The American Council of Learned Societies (ACLS) has announced a grant to the Arizona State University interdisciplinary project “Apocalyptic Narratives and Climate Change: Religion, Journalism, and the Challenge of Public Engagement.”
Led by Professors of Religious Studies Tracy Fessenden and Gaymon Bennett and Journalism professors Sarah Viren and Steven Beschloss, the Apocalyptic Narratives project is a collaborative effort of the Center for the Study of Religion and Conflict, the Narrative Storytelling Initiative, and the Global Futures Laboratory. Its goal is to develop ways to make climate change narratives more effective with people of faith who may be dismissive of the concept by “combining research on the apocalyptic thinking at the heart of many religions with training in the literature and journalism of social change.”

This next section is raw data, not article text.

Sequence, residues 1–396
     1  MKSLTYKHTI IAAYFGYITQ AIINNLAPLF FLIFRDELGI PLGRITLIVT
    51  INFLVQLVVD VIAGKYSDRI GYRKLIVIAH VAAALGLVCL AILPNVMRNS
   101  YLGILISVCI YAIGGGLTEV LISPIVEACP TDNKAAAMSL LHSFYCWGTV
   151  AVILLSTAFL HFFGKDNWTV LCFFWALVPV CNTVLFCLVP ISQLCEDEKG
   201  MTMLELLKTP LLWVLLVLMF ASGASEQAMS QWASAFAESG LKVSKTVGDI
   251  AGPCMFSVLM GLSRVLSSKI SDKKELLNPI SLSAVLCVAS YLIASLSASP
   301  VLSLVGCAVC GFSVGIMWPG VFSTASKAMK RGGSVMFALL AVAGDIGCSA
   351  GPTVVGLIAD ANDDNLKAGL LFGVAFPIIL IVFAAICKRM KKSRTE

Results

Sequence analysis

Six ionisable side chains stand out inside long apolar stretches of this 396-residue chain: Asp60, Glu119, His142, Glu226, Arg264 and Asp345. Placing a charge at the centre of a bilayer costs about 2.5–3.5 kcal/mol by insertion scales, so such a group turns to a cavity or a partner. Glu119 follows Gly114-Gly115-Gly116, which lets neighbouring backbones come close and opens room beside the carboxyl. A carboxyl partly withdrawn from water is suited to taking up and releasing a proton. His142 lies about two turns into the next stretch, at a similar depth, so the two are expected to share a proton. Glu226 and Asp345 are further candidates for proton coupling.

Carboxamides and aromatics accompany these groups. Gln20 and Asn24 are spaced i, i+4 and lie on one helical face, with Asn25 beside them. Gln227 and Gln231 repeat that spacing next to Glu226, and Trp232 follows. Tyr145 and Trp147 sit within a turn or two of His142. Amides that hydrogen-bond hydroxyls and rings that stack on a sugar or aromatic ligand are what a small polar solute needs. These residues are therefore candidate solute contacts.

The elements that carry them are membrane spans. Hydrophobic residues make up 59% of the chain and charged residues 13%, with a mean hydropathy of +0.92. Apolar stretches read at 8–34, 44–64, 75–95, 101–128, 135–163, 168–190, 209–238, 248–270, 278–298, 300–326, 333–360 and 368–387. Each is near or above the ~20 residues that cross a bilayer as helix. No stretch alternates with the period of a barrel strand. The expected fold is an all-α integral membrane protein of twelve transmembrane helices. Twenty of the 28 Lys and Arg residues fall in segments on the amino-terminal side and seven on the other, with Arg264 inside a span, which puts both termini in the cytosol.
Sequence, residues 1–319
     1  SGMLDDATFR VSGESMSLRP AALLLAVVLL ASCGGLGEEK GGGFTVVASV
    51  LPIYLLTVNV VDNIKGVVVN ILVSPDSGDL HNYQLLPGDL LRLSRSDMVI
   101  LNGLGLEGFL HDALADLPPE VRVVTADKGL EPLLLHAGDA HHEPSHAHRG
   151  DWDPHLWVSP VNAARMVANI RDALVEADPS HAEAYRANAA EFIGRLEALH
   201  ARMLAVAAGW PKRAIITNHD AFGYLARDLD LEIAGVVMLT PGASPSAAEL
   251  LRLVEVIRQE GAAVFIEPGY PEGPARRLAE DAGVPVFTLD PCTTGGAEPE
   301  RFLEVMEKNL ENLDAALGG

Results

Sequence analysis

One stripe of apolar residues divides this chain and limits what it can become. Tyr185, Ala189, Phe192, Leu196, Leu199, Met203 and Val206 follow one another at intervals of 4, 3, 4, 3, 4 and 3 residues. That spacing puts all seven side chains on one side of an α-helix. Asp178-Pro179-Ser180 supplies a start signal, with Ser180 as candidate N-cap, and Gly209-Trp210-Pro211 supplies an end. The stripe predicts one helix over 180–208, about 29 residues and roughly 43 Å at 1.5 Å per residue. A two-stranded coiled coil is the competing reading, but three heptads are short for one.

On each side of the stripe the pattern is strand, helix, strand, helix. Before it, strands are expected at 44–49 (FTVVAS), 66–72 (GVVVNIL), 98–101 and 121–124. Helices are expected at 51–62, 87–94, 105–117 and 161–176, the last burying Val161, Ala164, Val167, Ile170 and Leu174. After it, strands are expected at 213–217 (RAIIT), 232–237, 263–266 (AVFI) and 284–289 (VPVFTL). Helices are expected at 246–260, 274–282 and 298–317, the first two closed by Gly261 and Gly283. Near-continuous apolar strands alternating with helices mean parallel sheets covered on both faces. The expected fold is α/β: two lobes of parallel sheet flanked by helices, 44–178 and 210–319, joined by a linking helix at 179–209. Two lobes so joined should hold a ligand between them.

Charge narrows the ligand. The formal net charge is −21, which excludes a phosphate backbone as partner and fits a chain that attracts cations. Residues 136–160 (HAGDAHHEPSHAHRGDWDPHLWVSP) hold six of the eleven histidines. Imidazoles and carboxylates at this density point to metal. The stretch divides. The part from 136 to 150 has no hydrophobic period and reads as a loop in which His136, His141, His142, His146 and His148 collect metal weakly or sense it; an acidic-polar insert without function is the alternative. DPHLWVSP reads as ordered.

Addressing climate change will require an “all hands-on deck” approach and so now more than ever, it’s important to find ways to reach out to deniers. The $45,000 grant from the ACLS will help ASU make progress in doing that. The award from the Luce/ACLS Program in Religion, Journalism & International Affairs was made possible with support from the Henry Luce Foundation.
“The nine projects selected this year explore the profound ways religion influences our world and take concrete steps to engage the media, perhaps the ultimate influencer, in sharing that learning more broadly,” said Joy Connolly, president of ACLS. “As our world continues to seek understanding and a path forward in a time of great uncertainty, we want to celebrate examples of how humanists produce knowledge for the public good.”